1. Mark

          I don’t know about the rest, but as I recall, M$ is working on a new bios system that is supposed to perform some sort of authentication on the boot sector. I just hope it doesn’t affect my ability to run Linux on newer hardware. Speaking of which, why not make a bootable thumb drive? You can choose if you want data saved or dumped on shutdown when you make it. I keep a tiny one in my wallet. I haven’t tried it yet, but have you heard of LPS? It’s a distro made by the US Air Force just for thumb drives.

          1. Skaperen

            You mean UEFI? It requires the bootloader to be signed if the feature is enabled in the UEFI firmware (BIOS as most people think of it). And to get a bootloader signed, it cannot be built/compiled by the end user. This feature will have issues with Linux and BSD users, even if there is no conspiracy to block out Linux (if there is, it will be much, much worse). Many companies are being talked into making it impossible to disable the bootloader signature check … by Microsoft.

            So should we just focus on making the OS secure so there’s never a risk the bootloader or kernel is infected in the first place? Trouble is, that would be way too costly for one of the wealthiest companies in the world to fix since Windows makes Swiss cheese look like the Hope Diamond … despite a community of volunteers do a much better job of hardening Linux and BSD.

            This is why Microsoft is focusing on just making the reboot process secure so malware can be killed off by rebooting (something that Windows has to do a lot). And, not unexpectedly, they don’t really care about making something that leaves end users with OS choice.

            1. Mark

              A little birdy is telling me that it’ll just brick a lot of machines. And make installing your own OS as messy as rooting a smartphone. Between Linux Die Hards and cyber crooks this can’t end well.

          2. Terry Ritter

            @Mark: “as I recall, M$ is working on a new bios system that is supposed to perform some sort of authentication on the boot sector.”

            The Microsoft “solution” is for a future generation. Where is Microsoft now, when we need them?

            Our main problem is bot infection, and infection is the consequence of a malware-writable boot drive. Addressing that vulnerability does not require finesse: we can remove the hard drive and boot from a DVD.

            A DVD boot demonstrably does provide bot protection in a simple and effective way, and right now. That Microsoft needs a vastly complex future system seems like a convenient excuse to justify new and restrictive user controls.

            “why not make a bootable thumb drive?”

            Thumb drives do not solve the main problem, which is writable boot storage. Most thumb drives are writable, and bot infection occurs when malware changes boot data on the boot drive, even a thumb drive.

            Some USB flash drives do have a write-protect switch, but when we flip that to update the system, we might as well have a hard drive. The physical characteristics of a DVD just make a more secure system.

            “have you heard of LPS?”

            Yes, I mentioned LPS as a brief example in my comments to the government on bots:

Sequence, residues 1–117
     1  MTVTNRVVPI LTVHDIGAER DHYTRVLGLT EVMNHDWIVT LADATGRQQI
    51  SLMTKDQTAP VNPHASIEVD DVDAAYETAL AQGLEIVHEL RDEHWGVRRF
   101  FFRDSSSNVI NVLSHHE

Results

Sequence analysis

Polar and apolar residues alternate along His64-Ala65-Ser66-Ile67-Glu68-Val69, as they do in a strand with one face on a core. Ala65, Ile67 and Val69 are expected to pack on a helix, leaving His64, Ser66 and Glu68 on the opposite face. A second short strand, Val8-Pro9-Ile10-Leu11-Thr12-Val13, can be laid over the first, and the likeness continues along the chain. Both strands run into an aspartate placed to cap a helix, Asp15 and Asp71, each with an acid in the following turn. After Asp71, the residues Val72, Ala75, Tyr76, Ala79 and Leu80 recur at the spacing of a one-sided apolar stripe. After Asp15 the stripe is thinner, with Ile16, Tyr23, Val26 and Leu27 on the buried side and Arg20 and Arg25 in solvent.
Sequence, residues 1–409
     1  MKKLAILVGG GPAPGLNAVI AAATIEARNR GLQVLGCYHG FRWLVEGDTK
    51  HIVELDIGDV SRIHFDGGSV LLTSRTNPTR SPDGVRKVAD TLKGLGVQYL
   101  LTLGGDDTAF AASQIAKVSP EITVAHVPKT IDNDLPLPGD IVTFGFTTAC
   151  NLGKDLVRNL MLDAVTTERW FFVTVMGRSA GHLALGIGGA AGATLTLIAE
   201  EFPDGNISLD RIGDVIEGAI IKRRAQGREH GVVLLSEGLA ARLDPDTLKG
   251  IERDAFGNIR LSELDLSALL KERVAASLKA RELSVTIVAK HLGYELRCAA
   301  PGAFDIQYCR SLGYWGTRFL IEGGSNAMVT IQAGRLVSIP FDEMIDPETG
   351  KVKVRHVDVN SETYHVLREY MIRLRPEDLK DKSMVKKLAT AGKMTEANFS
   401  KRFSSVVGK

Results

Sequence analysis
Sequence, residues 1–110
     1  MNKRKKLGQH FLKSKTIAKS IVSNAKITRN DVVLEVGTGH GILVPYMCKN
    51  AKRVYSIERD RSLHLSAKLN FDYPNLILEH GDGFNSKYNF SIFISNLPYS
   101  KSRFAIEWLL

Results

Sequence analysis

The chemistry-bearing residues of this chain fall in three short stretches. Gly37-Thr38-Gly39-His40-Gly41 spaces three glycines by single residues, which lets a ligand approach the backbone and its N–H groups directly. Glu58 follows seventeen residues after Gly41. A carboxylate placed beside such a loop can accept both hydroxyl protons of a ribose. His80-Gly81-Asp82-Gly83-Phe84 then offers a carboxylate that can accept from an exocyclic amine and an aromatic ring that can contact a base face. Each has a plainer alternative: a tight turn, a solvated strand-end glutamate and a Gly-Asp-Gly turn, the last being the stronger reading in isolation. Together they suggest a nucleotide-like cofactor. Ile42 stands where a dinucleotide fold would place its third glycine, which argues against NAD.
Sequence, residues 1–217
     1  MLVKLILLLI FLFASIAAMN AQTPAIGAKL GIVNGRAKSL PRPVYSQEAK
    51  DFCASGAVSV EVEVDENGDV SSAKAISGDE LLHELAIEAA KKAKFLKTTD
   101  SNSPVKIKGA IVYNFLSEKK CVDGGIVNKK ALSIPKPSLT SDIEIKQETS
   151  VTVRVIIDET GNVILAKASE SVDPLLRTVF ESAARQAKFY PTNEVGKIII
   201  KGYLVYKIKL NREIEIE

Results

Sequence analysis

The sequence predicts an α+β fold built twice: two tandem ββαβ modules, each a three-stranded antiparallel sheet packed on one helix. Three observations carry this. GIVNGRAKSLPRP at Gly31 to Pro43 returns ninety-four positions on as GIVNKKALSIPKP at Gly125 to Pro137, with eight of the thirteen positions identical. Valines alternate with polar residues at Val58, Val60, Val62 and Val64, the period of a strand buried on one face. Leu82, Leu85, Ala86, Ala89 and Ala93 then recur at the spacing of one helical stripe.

All of these solutions have problems, at least in the sense of not being like what we have. I like the Puppy Linux DVD approach, because it loads completely into RAM for fast operation and allows the DVD to be removed before browsing.

            More importantly, Puppy Linux allows the boot DVD to be updated. Updating is necessary because every security patch inherently reveals the security flaw being fixed. An inability to patch quickly means being vulnerable to new widespread attack.

            Home users who just want to get online securely can adapt to a DVD boot fairly easily. I did. My nontechnical wife did. Eventually I removed the hard drives, and though we can easily plug them in, we rarely do.

            Other users may need applications which Linux does not handle well, so for them a free DVD is not an option. But their real issue is that Microsoft does not provide a competitive security alternative.

        2. JCitizen

          @Terry Ritter;

          MS did have ‘steady state’ back on XP, which didn’t let anything write to the hard drive without user control. But I’m pretty sure the average user wouldn’t like it.

          Emisoft’s Anti-malware can detect startup attempts by malware and actually stop it, but it seems like MS could do the same thing by simply modifying the way its UAC operates.

          I wouldn’t be surprised if MS gets slapped with some kind of anti-trust law suit, by the anti-malware industry, when users discover that they can supposedly push a “button” to totally restore their operating system in Windows 8. It doesn’t hurt that Win 8 doesn’t need a bios, but someone else is addressing that in this thread.

          1. Token IT Guy

            “I wouldn’t be surprised if MS gets slapped with some kind of anti-trust law suit, by the anti-malware industry”

            They’ll get slapped with an antitrust suit in the EU for sure. How dare they take food from the mouths of those AV companies by making their software secure?

        3. Token IT Guy

          @Everyone complaining about Microsoft not being effective enough:

          Microsoft has approximately 92000 employees.

          How many a**holes are out there trying to make money/cause trouble/prove themselves by hacking them? Waaaaay more than that.